Spinning round and round and round…


Check out this headline in the Globe and Mail (from AP): Hamas calls halt to attacks on Israelis.

Big news, right?

Excuse me if my skepticism causes me to read a little further:

A senior Hamas leader indicated Monday that the extremist group is halting attacks on Israelis while the Palestinians prepare to choose a new leader (emphasis mine).

So this isn’t a cease-fire, it’s a temporary ploy for Hamas to jockey for political power in the leadership struggle among the Palestinians.

Ok, reading on:

He also said that Hamas would consider a formal ceasefire if Israel reciprocated. He said Israel must be prepared to release Palestinian prisoners, withdraw from occupied land and stop assassinations of militants.

“The truce should have a price,” he said. “There is no truce from one side. The truce should be two-way. But “a truce with continued Israeli aggression is not acceptable to us.” (All emphasis, again, is mine).

In case you haven’t read Hamas’s charter lately, “withdraw from occupied land” is Hamas-speak for all Jews out of Israel, since Hamas considers all of Israel “occupied land”. When they say end the occupation, they don’t mean Gaza, they mean Tel Aviv.

Ok, so we’re back on familiar ground here. So much for the halting of attacks and talks of truce.

But being a curious type, I decided to check out what the Israeli press has to say on the subject. This from Ha’aretz:

Senior Hamas leader Sheikh Hassan Yusef told Israel Radio that the militant Islamic organization is interested in joining a national unity government with the Palestinian leadership, and to that end would agree to a hudna (ceasefire) that would last 10 years.

So now it’s not a halting, it’s a “hudna”. I should think that the last “hudna” should have taught everyone a lesson. This article from last year should quell any lingering notions anyone might still have about Hamas’s sincerity:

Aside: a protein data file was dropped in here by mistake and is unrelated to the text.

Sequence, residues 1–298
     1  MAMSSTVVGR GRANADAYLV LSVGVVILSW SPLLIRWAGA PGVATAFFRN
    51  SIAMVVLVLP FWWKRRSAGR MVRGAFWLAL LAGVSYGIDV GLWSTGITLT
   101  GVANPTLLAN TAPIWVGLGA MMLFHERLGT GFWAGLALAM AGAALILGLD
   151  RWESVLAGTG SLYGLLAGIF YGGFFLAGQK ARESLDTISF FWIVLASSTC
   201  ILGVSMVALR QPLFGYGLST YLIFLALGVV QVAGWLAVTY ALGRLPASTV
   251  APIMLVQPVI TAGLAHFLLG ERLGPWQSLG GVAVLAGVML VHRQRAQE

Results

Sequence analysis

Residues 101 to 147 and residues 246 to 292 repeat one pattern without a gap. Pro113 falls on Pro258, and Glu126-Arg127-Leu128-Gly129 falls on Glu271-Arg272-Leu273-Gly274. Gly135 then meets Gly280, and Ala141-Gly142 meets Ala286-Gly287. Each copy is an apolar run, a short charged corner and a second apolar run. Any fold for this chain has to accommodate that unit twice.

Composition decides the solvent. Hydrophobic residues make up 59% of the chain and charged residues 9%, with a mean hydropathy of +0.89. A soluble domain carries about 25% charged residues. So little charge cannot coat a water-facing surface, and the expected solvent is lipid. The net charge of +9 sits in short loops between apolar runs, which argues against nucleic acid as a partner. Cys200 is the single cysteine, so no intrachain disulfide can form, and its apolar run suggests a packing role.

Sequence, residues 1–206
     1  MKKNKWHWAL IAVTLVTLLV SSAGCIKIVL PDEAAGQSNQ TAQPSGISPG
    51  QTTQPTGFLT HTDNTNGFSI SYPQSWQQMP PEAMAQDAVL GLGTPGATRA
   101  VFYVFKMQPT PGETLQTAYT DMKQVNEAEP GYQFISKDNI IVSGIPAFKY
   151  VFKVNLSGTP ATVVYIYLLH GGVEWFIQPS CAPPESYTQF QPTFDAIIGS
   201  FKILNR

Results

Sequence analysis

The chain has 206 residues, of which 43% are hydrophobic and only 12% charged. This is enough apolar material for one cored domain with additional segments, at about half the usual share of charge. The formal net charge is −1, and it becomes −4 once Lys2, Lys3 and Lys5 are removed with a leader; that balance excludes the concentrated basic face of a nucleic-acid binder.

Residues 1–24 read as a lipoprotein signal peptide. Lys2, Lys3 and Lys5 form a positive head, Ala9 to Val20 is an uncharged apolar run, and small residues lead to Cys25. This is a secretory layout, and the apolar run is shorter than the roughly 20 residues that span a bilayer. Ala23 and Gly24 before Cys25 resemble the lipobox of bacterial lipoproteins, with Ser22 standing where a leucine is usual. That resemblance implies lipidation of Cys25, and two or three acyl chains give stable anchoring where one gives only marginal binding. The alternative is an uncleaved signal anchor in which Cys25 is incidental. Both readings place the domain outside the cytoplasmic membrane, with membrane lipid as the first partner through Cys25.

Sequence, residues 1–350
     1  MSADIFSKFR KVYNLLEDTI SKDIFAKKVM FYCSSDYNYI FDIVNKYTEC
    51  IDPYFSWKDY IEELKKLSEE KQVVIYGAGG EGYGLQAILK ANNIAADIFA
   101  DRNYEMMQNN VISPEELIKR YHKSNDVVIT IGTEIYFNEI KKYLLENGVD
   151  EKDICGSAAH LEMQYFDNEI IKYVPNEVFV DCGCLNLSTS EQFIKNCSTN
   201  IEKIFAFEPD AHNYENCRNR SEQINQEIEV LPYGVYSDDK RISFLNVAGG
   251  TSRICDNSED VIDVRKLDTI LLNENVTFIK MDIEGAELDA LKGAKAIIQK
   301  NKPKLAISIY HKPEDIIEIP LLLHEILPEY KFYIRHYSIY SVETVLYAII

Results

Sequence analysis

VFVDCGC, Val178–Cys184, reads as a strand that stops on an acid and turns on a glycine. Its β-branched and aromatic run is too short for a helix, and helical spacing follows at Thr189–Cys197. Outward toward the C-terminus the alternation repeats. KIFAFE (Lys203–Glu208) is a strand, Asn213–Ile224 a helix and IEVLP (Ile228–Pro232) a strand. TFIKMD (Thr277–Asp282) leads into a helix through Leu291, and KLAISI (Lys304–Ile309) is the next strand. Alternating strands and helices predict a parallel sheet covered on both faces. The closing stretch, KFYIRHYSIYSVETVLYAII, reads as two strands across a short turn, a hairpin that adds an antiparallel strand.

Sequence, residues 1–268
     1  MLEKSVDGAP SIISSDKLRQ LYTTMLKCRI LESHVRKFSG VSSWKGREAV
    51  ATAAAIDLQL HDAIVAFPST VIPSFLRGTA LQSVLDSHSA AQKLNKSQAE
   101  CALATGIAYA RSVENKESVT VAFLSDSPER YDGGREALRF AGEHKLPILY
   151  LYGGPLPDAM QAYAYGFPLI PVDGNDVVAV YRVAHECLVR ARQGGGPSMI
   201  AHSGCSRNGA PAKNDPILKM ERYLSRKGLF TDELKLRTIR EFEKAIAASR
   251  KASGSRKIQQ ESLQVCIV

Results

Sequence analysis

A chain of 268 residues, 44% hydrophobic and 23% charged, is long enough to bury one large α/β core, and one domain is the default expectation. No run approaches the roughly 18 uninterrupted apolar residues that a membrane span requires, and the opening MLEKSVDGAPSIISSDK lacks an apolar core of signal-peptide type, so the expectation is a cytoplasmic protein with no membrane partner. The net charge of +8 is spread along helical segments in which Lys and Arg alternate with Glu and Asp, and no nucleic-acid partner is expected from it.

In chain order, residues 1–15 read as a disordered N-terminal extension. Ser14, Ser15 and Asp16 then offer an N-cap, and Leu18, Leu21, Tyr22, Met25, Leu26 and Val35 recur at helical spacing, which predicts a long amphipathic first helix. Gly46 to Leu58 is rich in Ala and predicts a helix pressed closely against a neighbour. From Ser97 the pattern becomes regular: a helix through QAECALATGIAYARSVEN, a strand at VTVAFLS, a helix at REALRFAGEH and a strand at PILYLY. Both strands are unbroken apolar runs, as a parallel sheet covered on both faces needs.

Has Hamas seen the light? Has this determined band of killers finally grasped that its suicide bombings and jihad rhetoric make its goal of a Palestinian state ever less likely to be realized?

[ . . . ]

Has Hamas renounced all this — suicide bombing, martyrdom, jihad, extinguishing Israel, spreading Islam to the four corners of the globe? No, it hasn’t. Its three-month cease-fire isn’t even in any meaningful way a first step to doing so. Consequently it is still dead set against the old Arab nationalism on which the Palestinian Authority is now ostensibly based. The successor of this nationalism, if Hamas remains true to its Charter and has its way, will be its intransigent and bloody form of Islamic radicalism. Nothing indicates that this is no longer its goal.

That’s why the Hamas truce is not worth the paper it’s printed on.

And that’s why any new truce wouldn’t be, either.

But let the spin continue.

Update: Damian Penny has the story of how Canadian taxpayers are funding Hamas.

{ 3 comments… read them below or add one }

1 Josh 11.30.04 at 9:27 PM

Sari, it’s not skepticism – it’s being realistic and having your feet on the ground. I’m proud!

Skepticism is: waiting for Hamas to make some concessions and work towards ‘peace’.


2 Francis N. 11.30.04 at 10:16 PM

Hamas’s “politically correct” machinations scarcely seem newsworthy anymore. Here’s to hoping their showing in Palestinian elections is negligible.


3 Jonny 11.30.04 at 11:04 PM

I’m pretty sure Hamas will win the Palestinian elections.


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